The Armchair Rhetorician

To Diet Dr. Pepper We Say: 7-Up Yours! (h2so4 14)

Diet Dr. Pepper is a yummy drink, and indeed it does, as its ads assure us, taste more like regular Dr. Pepper [assuming we understand:than Diet Coke tastes like Coke or Diet Pepsi like Pepsi, though 7-UP and Sprite might give it a run for its money on that account.Not to mention that the slogan as it stands is nonsensical. “Tastes more like regular Dr. Pepper.” Of course it does! It is Diet Dr. Pepper, and thus is bound to taste more like regular Dr. Pepper than, say, Pepsi, coffee or mustard!].

Not that I really drink diet soft drinks. Being more of a sugar addict than a caffeine enthusiast, I stick to the real stuff. Nonetheless, surrounded as I am by those who think the difference between 1 calorie and 140 is all-important (they always insist that regular carbonated beverages are simply too sugary. I ask: then why aren’t they drinking iced tea or something that doesn’t need bizarre chemical concoctions to make it resemble something sugary?—I know, I know, it is because, like a vegetarian who still wants a burger and so eats BOCA, the diet soda drinker longs for the days when 140 calories meant nothing and so diet drinks function as a kind of bubbly nostalgia for youth, even when the consumer has long since convinced him- or herself that he or she prefers dietsodas), I have tasted just about every diet beverage known to western man, and thus am qualified to comment on comparisons of diet to “regular” beverages, the fake sugar to the real.

My point is this: Diet Dr. Pepper’s advertising campaign is based on an assumed nostalgia for days when drinking “regular” soft drinks did not reflect some form of moral failure to avoid excess calorie intake. Not only that. The form of this nostalgia is telling: a sleazy lawyer-type makes faulty arguments based on the assumption that Diet Dr. Pepper tastes so much like regular Dr. Pepper that any legal claim brought to bear with regard to Diet Dr. Pepper must be wrong because it has mistaken it for a diet beverage when it clearly tastes like a non-diet beverage. This is clearly a faulty argument. In Rhetoric we call it “begging the question” or, for the Latin types, Petitio Principii: assuming in an argument’s premise that the conclusion is already proved, or, assuming a premise that requires as much proof as the conclusion (normally, the premise is supposed to be “self-evident” and function as support for the less self-evident conclusion).If we were to lay the argument out in a syllogism, this might make more sense for those unused to thinking in terms of deductive reasoning:

Major Premise: If you’re blaming Diet Dr. Pepper for your legal claim, you must be wrong because it might be regular Dr. Pepper “who” is at fault (in other words, Diet Dr. Pepper tastes a helluva lot like regular Dr. Pepper).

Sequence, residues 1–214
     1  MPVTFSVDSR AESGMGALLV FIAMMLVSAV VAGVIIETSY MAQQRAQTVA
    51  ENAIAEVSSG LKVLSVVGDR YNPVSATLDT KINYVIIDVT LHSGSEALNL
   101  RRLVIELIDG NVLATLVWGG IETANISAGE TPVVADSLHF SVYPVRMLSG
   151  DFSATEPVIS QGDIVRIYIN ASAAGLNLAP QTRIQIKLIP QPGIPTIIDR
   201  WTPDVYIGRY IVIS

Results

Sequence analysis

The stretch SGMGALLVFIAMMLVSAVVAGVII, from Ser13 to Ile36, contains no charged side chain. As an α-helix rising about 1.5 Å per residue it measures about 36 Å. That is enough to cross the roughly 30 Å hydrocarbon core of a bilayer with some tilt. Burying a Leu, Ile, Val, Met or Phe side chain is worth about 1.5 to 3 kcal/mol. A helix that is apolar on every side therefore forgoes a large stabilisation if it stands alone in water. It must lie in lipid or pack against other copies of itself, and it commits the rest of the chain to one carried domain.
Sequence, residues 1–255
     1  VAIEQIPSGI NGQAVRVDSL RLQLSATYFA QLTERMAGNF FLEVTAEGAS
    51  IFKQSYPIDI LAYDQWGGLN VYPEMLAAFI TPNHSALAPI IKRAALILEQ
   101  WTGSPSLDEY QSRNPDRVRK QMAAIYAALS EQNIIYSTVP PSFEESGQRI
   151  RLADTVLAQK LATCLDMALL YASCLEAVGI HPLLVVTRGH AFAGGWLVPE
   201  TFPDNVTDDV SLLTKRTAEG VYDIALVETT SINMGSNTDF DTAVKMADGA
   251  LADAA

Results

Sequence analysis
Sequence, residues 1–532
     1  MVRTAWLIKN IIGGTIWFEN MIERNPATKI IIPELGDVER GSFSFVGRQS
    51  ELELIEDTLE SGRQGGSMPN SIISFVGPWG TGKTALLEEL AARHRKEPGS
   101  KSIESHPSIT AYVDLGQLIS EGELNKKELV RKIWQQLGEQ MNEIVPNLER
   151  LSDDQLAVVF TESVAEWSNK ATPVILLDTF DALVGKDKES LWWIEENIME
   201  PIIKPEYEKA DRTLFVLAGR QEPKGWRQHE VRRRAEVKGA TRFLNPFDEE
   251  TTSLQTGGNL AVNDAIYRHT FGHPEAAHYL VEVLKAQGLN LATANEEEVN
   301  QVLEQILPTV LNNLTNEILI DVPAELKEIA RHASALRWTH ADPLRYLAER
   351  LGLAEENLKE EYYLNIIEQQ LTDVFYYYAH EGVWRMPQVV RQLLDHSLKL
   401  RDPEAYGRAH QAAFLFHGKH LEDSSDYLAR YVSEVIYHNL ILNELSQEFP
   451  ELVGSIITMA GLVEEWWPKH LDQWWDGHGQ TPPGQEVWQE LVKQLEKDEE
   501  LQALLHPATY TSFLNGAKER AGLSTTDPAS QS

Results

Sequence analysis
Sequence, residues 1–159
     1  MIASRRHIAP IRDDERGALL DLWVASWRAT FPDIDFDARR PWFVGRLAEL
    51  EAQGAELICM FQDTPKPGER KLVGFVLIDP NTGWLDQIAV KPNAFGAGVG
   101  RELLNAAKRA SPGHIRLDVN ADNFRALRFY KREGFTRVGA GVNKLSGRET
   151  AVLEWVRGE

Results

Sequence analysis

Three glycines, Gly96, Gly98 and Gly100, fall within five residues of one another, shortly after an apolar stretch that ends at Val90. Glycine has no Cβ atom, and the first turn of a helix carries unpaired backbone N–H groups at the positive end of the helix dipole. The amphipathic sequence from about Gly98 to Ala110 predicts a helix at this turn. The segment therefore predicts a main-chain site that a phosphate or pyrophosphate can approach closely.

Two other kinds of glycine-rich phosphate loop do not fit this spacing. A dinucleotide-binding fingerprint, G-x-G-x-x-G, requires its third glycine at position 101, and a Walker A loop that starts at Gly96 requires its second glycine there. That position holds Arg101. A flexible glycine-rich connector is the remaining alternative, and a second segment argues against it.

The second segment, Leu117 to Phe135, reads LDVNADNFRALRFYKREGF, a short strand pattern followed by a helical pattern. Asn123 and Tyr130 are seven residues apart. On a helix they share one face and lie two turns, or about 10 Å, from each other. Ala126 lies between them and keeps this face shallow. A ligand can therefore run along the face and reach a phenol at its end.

Minor Premise: You are indeed blaming Diet Dr. Pepper.

Conclusion: You must be wrong! (because Diet Dr. Pepper tastes a helluva lot like regular Dr. Pepper).

The conclusion cannot be persuasive here because the premises that support it are faulty. This is the kind of argument at times used to prove the existence of God: God exists because it says so in the Bible, which I know is true because God wrote it. The premise that is supposed to build up to proving the existence of God assumes the existence of God.

Major Premise: If God “wrote” it, it is true.

Minor Premise: God wrote the Bible

Conclusion: Therefore, the Bible is true (and the Bible tells us God exists, therefore He does!)

Now, I am nearly the last person to claim that an argument must be logical. Especially when it comes to faith or love or God or the like, the limits of logic say more than the rules might. If you need to have it proven logically, you have missed the point, in such cases. But we’re talking Diet Dr. Pepper here. These are some of the assumptions behind the ad campaign: 1) no one drinks diet soft drinks because they like them for what they are, only for what they imitate; 2) lawyers use sleazy tricks to win cases; 3) if two things taste alike, any charge brought to bear on one of those things must be the fault of the other thing and therefore wrong. All of these assumptions can be proven to be wrong on some level, though 1) and 2) are at least sometimes true, and 3) is simply silly, and perhaps that’s OK because this is just a whimsical ad for a soft drink.But what exactly about this ad is supposed to “sell” us on Diet Dr. Pepper? You can bet that it is supposed to be one of the above assumptions. Well, which is it? Who do they think drinks Diet Dr. Pepper, to be persuaded or entertained by such a thing, and do you want to be known to be in that target group? Might we say: 7-UP yours?